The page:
Weather service issues heat advisory

The city pool was a popular place Monday afternoon as temperatures soared to 102.

The city pool was a popular place Monday afternoon as temperatures soared to 102.

The National Weather Service in Reno has issued a heat advisory for most of Nevada through Thursday.

Meteorologist Scott McGuire said central Nevada to include Fallon, Fernley and Silver Springs will see temperatures soaring into triple digits for the next three day.

“It will be the hottest week of the year,” he said.

McGuire added a high ridge of pressure has formed over Nevada, which is causing temperatures to soar into the low 100s. He said highs will range from 100 to 106 degrees in the valleys with the hottest day Wednesday with temperatures forecast between 105 to 110.

Fallon is expecting a high of 103 on Tuesday and 106 on Wednesday, 2 degrees short of the record set two years ago.

“The high temperatures should peak on Wednesday,” he said.

Thursday will remain in triple digits at 104 and Friday at 100 before the highs return to the mid-90s over the weekend. Temperatures in Fernley and Silver Springs are expected to be near Fallon’s highs.

McGuire said there’s a 20 percent chance that afternoon thunderstorms will return on Thursday and continue through Monday. He said next week highs will range in the upper 90s to low 100s.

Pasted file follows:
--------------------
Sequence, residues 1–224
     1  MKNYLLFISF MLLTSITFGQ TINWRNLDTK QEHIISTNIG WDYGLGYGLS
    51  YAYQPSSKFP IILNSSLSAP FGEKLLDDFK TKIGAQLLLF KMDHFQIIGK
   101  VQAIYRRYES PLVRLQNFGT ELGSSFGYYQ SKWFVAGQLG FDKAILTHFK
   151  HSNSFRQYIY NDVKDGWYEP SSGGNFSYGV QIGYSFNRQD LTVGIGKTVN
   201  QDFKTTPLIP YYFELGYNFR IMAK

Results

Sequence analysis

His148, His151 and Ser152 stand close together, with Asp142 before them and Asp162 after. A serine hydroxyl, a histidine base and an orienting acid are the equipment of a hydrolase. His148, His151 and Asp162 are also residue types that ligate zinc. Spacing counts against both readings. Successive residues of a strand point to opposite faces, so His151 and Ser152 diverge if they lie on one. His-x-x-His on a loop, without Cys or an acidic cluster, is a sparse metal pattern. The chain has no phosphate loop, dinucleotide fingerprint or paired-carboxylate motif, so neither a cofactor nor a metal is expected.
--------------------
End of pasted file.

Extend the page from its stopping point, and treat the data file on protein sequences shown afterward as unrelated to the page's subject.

“It’s going to be hot for the next 10 days,” he said.

Morning lows for Fallon will be in the mid to high 60s, while Fernley and Silver springs will see morning temperatures in the low 70s.

The weather service has also issued a precautionary list for the next three days:

Take extra precautions if you work or spend time outside.

When possible, reschedule strenuous activities to early morning or evening, especially on Wednesday.

Wear lightweight and loose fitting clothing and drink plenty of water.

Young children and pets should never be left unattended in vehicles under any circumstances. Car interiors can reach lethal temperatures in a matter of minutes.

Anyone overcome by heat should be moved to a cool and shaded location.

Heat stroke is an emergency — call 911.

Do not swim in the canals to cool down because of pesticides, fast-moving water and currents.


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